Most of us are taught by our parents that when we are invited out to a party as adults we should steer clear of discussing two topics: politics and religion. Anyone choosing to address these twin issues runs the immediate risk, it seems, of isolating and splintering parts of his or her festive audience — or at the very least, turning a convivial situation into a morass of debate — or perhaps worse. Yet the images of September 11, as well as those of Omagh in Northern Ireland, or those of Kosovo or of the Sudan, all point to a fact that has become more and more apparent as we journey further into the twenty-first century: man does at his own peril, ignore the part that religion plays not only in the spiritual lives of men — but in the political life as well. For it is becoming increasingly clear that if we are to find lasting peace between nations, we must not avoid religious and political discourse, but we must seek to meet them head-on, candidly as well as intelligently; meet them as they are by nature, entwined and not isolated. Religion does cause, and does fuel war — and for this reason, being a reality for the majority of people in this world, it is the single most important factor in establishing peace.
When Douglas Johnston collated the articles for the text: Religion: The Missing Dimension of Statecraft, published in 1994, he did so in the shadow of the first Gulf War. True, the Gulf War, was not a war that had been initiated by a religious factor. The then leader of one Islamic state invaded another. The subsequent events that led to the response by the United States, were stimulated not by religion, but by political and financial issues. Yet as the war and the events which followed the peace were to highlight, religion was brought into the conflict to highlight the persecution of an Islamic state, Iraq, by the west. The Gulf War thus opened up a Pandora's Box of religious tension that had been festering since the crises of the Middle East with the establishment of the State of Israel and the displacement of the Palestinian people.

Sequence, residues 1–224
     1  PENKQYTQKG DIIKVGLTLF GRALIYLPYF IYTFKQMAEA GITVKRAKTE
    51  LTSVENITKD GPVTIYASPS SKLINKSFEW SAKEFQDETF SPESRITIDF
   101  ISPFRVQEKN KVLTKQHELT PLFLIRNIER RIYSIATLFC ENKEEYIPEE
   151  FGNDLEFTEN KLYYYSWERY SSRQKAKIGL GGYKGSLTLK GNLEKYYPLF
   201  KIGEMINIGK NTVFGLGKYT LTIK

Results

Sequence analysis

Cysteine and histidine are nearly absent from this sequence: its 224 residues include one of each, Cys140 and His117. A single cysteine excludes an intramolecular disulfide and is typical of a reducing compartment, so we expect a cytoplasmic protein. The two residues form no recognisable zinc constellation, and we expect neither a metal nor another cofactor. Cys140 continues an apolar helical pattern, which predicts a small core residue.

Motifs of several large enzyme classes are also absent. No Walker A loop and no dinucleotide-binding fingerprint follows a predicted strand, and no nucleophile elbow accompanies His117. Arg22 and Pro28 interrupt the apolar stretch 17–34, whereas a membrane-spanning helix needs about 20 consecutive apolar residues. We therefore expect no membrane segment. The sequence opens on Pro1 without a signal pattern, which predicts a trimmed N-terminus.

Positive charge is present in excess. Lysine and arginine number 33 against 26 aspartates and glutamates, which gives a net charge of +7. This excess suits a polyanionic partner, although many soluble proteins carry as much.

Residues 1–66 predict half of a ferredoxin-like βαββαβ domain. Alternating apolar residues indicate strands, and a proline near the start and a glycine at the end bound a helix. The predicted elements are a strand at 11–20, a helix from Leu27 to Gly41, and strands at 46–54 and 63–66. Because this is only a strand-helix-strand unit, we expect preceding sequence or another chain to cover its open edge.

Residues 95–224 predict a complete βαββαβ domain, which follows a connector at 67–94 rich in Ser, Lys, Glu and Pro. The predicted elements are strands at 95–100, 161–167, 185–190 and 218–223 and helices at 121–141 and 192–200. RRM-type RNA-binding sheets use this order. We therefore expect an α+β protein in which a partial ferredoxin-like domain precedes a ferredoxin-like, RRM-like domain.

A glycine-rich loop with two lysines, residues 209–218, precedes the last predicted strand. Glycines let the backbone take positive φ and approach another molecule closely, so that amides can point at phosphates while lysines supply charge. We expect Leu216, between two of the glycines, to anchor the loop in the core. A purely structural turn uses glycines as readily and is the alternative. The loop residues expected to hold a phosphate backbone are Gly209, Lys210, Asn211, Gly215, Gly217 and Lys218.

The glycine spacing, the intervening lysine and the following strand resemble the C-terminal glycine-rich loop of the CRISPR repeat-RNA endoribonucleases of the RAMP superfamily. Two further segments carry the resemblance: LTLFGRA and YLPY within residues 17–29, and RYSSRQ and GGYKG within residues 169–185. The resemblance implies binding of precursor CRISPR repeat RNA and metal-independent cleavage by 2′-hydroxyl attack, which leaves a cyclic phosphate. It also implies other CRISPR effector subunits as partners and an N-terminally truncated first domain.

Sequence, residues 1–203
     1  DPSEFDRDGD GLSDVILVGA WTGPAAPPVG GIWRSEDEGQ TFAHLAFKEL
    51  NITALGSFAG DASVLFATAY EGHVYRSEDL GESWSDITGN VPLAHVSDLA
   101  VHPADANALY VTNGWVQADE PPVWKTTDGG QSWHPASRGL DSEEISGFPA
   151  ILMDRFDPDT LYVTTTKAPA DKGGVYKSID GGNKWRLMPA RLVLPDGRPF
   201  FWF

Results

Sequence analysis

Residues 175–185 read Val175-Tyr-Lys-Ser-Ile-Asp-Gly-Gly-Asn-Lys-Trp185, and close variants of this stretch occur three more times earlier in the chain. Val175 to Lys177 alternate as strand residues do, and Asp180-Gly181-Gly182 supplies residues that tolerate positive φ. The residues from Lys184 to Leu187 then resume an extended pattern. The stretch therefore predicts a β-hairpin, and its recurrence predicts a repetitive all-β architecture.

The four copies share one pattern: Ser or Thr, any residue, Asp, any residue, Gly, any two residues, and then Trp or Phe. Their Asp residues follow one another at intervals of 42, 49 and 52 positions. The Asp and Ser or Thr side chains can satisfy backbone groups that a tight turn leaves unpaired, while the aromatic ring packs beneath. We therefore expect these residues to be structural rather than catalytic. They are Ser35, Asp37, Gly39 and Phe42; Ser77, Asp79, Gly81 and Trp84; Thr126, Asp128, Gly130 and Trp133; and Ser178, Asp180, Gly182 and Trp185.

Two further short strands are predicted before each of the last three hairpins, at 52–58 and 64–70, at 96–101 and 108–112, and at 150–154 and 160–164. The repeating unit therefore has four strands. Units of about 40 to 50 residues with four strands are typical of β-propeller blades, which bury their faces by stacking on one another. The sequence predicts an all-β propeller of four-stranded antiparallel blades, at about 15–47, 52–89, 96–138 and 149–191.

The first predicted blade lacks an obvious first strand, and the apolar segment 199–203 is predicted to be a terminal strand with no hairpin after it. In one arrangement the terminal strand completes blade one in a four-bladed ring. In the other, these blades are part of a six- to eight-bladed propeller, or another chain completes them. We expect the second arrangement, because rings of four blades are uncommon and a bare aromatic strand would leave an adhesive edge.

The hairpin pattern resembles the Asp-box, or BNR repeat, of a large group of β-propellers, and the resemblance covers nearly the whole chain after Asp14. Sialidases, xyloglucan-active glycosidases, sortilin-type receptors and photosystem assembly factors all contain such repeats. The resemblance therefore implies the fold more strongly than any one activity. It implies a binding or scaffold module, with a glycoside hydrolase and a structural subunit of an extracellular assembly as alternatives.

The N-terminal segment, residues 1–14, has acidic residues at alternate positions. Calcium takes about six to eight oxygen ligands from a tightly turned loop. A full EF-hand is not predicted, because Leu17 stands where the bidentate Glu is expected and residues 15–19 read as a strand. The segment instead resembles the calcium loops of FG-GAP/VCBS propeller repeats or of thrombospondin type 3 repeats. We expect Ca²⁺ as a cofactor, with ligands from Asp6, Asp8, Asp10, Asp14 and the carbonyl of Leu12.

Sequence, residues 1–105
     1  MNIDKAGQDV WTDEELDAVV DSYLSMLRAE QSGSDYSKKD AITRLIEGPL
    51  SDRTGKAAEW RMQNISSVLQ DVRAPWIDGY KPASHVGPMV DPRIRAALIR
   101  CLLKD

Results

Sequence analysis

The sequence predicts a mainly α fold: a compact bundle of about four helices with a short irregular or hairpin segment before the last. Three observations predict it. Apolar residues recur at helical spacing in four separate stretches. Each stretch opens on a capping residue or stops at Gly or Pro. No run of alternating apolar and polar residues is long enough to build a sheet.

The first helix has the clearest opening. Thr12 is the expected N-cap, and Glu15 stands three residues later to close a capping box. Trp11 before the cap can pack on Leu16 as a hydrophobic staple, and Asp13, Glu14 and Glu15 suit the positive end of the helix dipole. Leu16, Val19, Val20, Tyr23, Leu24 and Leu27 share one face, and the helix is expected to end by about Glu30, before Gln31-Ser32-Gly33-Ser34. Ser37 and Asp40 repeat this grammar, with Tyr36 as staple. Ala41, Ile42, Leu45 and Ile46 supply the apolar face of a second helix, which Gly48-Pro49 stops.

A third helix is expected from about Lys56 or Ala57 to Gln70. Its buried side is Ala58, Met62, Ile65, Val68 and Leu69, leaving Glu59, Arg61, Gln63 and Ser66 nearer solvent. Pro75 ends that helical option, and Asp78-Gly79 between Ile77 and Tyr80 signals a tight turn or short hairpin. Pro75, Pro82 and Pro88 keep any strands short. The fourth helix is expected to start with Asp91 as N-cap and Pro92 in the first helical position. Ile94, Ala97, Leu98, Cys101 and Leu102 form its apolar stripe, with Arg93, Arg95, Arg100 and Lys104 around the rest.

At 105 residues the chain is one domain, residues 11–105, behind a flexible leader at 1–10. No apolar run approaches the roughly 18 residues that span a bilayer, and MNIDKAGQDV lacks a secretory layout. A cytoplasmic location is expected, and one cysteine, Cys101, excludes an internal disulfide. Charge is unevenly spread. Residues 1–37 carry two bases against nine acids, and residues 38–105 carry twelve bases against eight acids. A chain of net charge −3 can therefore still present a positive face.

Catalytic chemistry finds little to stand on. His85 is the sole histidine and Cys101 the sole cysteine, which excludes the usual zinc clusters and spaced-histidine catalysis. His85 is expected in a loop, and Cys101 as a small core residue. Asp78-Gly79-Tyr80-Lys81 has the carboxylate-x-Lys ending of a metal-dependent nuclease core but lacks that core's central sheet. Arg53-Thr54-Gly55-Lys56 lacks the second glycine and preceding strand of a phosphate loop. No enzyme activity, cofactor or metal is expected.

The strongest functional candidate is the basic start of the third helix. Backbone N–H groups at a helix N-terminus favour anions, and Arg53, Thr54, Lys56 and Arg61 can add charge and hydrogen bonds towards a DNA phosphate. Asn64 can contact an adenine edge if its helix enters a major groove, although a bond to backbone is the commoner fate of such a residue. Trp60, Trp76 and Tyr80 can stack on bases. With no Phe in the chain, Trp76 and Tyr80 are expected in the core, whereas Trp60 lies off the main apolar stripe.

In the Balkans, Europe was to experience its first major armed conflict since the close of the Second World War. The breakdown of Yugoslavia, into separate nations saw two Slavic peoples warring over religious identities — Catholics and Orthodox, sharing the same language, brutally at war — both professing belief in the same Christ, albeit a Christ of varied liturgical tradition. That both churches in Serbia and Croatia had a part to play in the development and continuance of the conflict, neither side would today doubt.
Johnston's text was considered to be ground-breaking for it sought to challenge the western notion that religion had no place in the pragmatic world of 'real-politik'. The amputation of the religious element in political life by western democracies would not only cause problems around the negotiating table in the penultimate decade of the twentieth century, but it would also cause an increasing perception in the East of the West being godless. A decade after Johnston's first text, a follow-up work: Faith-Based Diplomacy: Trumping Real-Politik, revealed that religion had as much potential to unite as it did to fracture — and a lack of consideration for the religious element in life, would in fact lead to a continued, and perhaps an increasing development of regional conflicts — with global implications.
Dr. Andrew Thomas Kania
©2009 Dr Andrew Thomas Kania